An events company has been accused of implying a list of notable CISOs would be appearing at an upcoming summit, when they had given no intention of attending.
A ‘VIP invite’ to the CISO Leaders Melbourne Summit 2017, includes a list of notable CISOs and heads of security that many recipients assumed to be a roster of confirmed attendees. A number of those named have confirmed to CIO Australia that they will not be going the event.
The email, sighted by CIO Australia, boasts that the “closed door private meeting” on February 16 will feature 65 chief information security officers and IT chiefs from “every major corporate in Australia” and host keynote presentations from the likes of Telstra, ANZ Bank and Singtel.
The summit, which is free to attend by invitation only, is run by Sydney-based firm Media Corp International, who are behind similar events for CIOs, HR chiefs, OHS leaders and CXOs. These events take place throughout the year in Australia, Singapore and Thailand. Media Corp International is no way related to Singapore’s government-owned broadcaster Media Corp.
Nabbed by NAB
National Australia Bank’s CISO Andrew Dell was the first to expose Media Corp International’s practises in a LinkedIn post over the weekend, saying that he understood he had been listed as an attendee even though he wouldn’t be going.
“I am not attending and have nothing to do with this event: I’d be very cautious of the validity of the attendee list if you are approached,” he wrote.
Dell then listed a number of fellow CISOs who had been mentioned in the email he had received, including Simone Bachmann, head of information security, innovation and culture at Australia Post; John Haig, head of security, risk and compliance at Dun Bradstreet; Stuart Harrison, head of information security at Medibank and John Taylor, CISO at AGL. Each commented denying they would be attending.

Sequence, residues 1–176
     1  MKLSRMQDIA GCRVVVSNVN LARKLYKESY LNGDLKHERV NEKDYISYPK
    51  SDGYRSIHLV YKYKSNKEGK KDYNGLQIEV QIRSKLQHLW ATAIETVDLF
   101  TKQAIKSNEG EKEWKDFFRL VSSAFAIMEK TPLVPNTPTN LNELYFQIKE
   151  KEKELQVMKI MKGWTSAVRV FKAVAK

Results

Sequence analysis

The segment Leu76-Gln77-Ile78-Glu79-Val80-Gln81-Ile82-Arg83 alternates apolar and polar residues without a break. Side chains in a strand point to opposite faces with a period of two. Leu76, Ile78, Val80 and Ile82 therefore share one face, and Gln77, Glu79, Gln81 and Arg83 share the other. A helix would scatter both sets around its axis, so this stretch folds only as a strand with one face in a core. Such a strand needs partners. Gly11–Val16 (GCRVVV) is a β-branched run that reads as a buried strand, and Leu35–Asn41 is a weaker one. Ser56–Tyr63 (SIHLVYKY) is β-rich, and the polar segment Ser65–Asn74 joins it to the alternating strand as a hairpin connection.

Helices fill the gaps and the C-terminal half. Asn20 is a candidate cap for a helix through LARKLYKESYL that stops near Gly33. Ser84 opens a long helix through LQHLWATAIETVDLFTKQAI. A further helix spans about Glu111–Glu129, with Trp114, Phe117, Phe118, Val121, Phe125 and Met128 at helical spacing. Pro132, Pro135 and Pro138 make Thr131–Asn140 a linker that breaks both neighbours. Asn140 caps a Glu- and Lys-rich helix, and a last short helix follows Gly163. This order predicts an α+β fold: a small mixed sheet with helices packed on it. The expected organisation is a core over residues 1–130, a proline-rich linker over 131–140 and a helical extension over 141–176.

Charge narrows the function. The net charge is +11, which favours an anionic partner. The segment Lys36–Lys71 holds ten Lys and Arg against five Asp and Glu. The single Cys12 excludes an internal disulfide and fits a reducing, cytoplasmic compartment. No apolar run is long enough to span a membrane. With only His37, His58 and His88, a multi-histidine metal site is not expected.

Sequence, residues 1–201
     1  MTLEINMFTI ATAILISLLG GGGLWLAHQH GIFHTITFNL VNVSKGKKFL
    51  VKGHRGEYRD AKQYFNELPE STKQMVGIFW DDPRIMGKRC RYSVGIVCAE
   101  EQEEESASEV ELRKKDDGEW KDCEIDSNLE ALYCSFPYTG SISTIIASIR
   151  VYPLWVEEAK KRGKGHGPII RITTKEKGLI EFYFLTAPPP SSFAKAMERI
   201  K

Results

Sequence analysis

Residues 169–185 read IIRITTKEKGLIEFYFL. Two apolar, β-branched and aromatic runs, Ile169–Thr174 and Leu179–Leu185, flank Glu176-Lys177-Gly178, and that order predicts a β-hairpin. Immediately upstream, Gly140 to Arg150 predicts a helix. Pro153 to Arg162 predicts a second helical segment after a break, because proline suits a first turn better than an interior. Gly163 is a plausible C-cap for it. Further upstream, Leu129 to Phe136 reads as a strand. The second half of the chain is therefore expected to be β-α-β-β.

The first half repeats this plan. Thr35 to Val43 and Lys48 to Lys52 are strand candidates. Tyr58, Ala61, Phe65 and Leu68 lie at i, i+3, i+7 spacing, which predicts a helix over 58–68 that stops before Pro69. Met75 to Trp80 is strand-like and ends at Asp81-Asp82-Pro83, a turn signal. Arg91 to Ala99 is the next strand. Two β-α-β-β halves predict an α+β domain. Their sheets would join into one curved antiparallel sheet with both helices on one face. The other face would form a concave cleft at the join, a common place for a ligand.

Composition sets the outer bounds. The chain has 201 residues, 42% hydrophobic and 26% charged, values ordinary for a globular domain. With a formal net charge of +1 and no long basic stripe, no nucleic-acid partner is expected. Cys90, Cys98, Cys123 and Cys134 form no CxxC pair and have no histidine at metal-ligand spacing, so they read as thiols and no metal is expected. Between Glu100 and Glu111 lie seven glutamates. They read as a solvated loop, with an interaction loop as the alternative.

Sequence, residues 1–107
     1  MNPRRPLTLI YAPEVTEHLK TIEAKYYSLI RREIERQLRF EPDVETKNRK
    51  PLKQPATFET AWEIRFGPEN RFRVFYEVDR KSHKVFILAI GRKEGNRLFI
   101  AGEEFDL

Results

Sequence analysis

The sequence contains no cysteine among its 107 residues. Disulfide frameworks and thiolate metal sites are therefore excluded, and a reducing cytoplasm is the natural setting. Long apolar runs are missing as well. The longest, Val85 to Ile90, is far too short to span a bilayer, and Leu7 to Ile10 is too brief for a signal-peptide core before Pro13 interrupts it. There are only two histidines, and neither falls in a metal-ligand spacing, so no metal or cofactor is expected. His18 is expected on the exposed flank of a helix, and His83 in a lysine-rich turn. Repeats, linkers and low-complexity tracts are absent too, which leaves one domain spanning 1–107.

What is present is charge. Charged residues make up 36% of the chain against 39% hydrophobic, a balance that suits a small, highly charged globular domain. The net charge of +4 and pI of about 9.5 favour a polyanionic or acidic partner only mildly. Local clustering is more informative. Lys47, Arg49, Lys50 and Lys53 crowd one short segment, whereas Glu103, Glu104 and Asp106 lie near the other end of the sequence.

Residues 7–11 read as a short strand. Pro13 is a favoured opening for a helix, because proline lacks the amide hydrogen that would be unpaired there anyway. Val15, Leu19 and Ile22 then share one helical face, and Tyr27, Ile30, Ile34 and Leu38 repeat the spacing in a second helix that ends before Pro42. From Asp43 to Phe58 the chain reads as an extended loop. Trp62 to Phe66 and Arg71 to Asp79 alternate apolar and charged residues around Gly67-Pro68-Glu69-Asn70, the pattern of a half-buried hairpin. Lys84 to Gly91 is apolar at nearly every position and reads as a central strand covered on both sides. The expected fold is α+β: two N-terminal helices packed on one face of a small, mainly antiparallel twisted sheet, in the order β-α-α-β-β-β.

A number of security professionals joined in the conversation:
Pieter van der Merwe, CISO at Woolworths Group said: “Apparently 56 CISOs have confirmed. Mmmm, who are they? I know most and none of them are going.”
Eugene Ostapenko, information security manager at Victrack said: “Got this invitation last week. Looked like somebody dumped my LinkedIn connections and used them as bait. Not going.”
Jane Falk, director technology, security and strategy at .au Domain Administration said: “And don’t they realise we do all talk to each other about these sorts of things?”
Media Corp International is also understood to have called a number of CISOs in recent weeks, similarly name-checking their industry peers to attract attendance.
Others were doubtful about the veracity of the list given the event happens in the same week as the major security event, the RSA Conference in San Francisco.
CEO of Media Corp International, Tyron McGurgan clarified to CIO Australia that the list of names attached to the invite were people who had been invited, as would have been explained in a prior phone conversation with each recipient.
“As you’ll see there’s nothing on there saying they’re confirmed. This is the invitee list. He would have spoken to him and mentioned that on the phone originally,” McGurgan said.
The sender of the invite has been temporarily suspended from their duties at the firm’s Loftus Street offices, McGurgan said, adding that the popularity of Dell’s LinkedIn post had jeopardised potential future clients.
“It’s pretty detrimental to the business to be fair,” he said. “Unfortunately it was miscommunication and judgement from one guy here from the office.”
McGurgan spoke to Andrew Dell this afternoon. Following the conversation Dell posted that he had been “impressed by his responsiveness and quick correction of this error”.
“I appreciate it and look forward to continuing the important conversation around cyber security and safety, where the real focus needs to be,” Dell added.